Is there more patient abuse in the NHS today than there was, say, thirty years ago, or are we just better at exposing it? Dr No does not know for certain. He chose a thirty year comparator because it was about that time ago that he was a medical student, and then a junior doctor, and so frequently exposed to different wards and hospitals. His recollections from that time are more of starched white sheets, and of course the starched but very beguiling nurses who smoothed them out, than of beds doubling up as commodes. He does recall once seeing a cockroach on the polished wooden floor of a ward, but it was a one-off sighting of a very lonely cockroach. Today, it seems, the cockroaches have grown in both size and number, many now standing on two legs as they mishandle and maltreat the patients on their ward. Has it come to pass that the once occasional failing has now become normal practice?
Searching in the BMJ, on the grounds that its news coverage would pick up on reports of patient abuse, Dr No found surprisingly little. Top of the hit list was a 1905 report on abuse, not of, but by patients, of the out-patient (then acting much as A&E does now) department – nothing new under the sun there, then. The second hit was a 2003 report not of doctors abusing patients, but patients abusing doctors. Thus far, the trend seemed to be more of the boot being on the other side’s foot. Third up, however, was a report, from November 2000, of an NHS Trust that had ‘condoned abuse of elderly patients’. The boot was back on the medical foot.
But the next seven hits all came from the late 1800s – that’s right, 1800s, all over a century ago – and again were about patients abusing the system. Overall, reports on patient as victims of abuse were rare. One from 1990 covered abuse by carers, but outside hospital, and so not in or by the NHS. A 2005 report, ‘Blind eye to complaints allowed psychiatrists to abuse patients’, did cover the Haslam and Kerr scandal, but, generally speaking, on the basis of contemporary BMJ reports, there wasn’t a lot of it about. What was about, rather strikingly, was a lot of still familiar themes. Page 883 from a 1894 issue of the Journal takes in: (in)competent GPs, medical fees, the threat posed by madwives, and the hazards of artificial feeding on the [incapacitous] insane, all topics very much alive today.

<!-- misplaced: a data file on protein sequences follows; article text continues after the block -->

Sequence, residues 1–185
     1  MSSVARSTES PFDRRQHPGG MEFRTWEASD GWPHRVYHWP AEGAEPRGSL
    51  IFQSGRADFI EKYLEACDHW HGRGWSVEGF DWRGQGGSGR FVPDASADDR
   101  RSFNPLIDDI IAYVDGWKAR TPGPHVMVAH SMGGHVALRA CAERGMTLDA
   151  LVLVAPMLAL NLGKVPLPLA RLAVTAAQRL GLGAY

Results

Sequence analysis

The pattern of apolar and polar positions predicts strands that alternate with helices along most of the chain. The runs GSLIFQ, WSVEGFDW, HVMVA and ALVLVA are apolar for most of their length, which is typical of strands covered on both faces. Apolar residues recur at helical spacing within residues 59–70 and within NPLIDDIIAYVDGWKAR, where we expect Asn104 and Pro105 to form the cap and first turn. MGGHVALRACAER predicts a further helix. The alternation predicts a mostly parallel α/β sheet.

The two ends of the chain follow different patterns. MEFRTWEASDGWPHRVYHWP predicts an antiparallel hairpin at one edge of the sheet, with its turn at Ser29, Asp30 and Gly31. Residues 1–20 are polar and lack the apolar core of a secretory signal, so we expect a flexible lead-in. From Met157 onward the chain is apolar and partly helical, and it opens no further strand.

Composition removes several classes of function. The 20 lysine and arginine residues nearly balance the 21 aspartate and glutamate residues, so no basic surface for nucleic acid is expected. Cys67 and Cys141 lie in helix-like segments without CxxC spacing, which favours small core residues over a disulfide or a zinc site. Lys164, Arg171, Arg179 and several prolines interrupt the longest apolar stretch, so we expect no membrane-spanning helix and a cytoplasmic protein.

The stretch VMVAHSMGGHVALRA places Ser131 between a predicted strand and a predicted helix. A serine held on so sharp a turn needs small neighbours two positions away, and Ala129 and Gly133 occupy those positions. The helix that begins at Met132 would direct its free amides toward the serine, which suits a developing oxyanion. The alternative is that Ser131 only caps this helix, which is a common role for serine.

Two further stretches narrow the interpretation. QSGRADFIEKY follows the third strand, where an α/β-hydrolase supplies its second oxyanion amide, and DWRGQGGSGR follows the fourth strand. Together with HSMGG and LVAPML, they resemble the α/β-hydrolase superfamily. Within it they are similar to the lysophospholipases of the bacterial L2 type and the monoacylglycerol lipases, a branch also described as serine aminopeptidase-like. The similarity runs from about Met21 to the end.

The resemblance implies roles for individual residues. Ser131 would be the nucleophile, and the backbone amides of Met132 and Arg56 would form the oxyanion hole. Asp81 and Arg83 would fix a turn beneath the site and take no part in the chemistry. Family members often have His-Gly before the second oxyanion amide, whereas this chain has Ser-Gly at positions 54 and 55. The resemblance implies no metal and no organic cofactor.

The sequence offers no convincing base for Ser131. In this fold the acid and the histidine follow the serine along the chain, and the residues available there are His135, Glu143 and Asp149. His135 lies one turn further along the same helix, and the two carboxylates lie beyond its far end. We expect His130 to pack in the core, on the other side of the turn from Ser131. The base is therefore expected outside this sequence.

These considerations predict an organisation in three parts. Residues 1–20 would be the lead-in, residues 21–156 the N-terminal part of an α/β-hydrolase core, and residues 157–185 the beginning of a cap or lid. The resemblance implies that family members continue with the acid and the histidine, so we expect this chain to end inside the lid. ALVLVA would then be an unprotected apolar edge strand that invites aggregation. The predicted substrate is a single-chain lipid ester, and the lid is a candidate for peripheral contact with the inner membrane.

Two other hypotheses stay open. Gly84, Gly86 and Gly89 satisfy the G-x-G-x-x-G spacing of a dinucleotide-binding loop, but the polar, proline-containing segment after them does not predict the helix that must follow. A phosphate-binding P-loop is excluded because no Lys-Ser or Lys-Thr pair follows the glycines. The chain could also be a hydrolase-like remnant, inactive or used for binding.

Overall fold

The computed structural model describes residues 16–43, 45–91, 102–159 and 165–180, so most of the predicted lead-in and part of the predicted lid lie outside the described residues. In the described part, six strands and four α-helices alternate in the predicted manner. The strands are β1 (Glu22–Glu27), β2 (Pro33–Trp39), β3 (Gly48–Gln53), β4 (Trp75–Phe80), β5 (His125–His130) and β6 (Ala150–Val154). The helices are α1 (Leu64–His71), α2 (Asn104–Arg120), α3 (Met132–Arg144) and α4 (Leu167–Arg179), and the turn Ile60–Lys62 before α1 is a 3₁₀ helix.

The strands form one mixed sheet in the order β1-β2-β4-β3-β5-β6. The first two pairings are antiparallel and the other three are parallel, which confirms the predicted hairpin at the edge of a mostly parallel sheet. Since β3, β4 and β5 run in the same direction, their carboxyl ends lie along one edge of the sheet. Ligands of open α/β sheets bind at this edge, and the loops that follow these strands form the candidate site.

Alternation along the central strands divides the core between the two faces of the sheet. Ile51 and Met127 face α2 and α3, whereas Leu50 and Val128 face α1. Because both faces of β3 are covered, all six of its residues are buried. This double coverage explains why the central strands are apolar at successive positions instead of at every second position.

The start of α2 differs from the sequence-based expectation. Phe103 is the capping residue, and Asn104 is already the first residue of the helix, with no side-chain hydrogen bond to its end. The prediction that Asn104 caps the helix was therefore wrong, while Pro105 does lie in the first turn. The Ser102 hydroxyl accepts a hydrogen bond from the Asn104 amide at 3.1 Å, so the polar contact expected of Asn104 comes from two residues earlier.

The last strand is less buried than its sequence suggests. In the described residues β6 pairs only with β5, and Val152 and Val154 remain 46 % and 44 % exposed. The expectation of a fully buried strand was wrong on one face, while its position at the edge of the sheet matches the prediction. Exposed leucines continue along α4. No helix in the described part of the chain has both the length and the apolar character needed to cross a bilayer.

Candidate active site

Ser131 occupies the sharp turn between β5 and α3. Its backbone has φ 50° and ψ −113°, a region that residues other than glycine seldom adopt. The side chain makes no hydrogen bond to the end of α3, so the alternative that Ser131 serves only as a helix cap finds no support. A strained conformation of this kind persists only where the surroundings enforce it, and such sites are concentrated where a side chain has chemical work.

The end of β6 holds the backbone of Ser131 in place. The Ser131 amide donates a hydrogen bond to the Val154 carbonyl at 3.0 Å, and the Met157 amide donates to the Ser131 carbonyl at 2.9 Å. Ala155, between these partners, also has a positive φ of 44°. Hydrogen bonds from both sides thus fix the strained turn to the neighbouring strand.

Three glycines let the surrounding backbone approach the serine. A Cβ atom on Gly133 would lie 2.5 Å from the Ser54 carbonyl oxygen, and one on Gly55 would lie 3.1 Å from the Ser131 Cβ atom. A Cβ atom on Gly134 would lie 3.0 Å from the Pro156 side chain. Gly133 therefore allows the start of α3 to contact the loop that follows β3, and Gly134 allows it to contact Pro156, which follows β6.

Be that as it may, if there was patient abuse going on, the BMJ clearly wasn’t, at least via its search facility, saying much about it. So Dr No widened his search, to scandals and other sources. To cut a long story short – Dr No wont trouble you with the details – he did find this 2002 BMJ paper, which reports that the number of NHS scandal inquiries has risen sharply in recent decades, from one in the 1960s, to two in the 1970s, five in the 1980s, and over fifty between 1990 to 2001. At least one other significant inquiry, covering seven hospitals, but not included in the 2002 paper, was published in 1968, while a BMJ editorial from 1999 alluded to several others.
So, by the barometer of pressure of significant inquiries, we certainly have seen an exponential increase in patient abuse by NHS staff. But we still don’t know whether that increase reflects an true increase in underlying abuse, or is instead an apparent increase caused by a greater will to expose and investigate abuse, which has itself remained at relatively constant underlying levels.
That said, Dr No does suspect, based entirely on his own direct personal experience, and notwithstanding the loose nature of his present proxy-dependant research, that the rise in inquiries does reflect at least in significant part a true rise in underlying levels of patient abuse in the NHS. He also notes that this rise appears to have risen most sharply over the last two decades, following the introduction in the mid to late 1980s of general management and market forces to the NHS. Could it be that managers, now playing their market and management games in the once consensual NHS, have wrought the most dreadful changes on what was once, bar occasional failings, generally a decent service? If there is even a grain of truth to that chilling proposition, then it is management blowback on a monumental scale.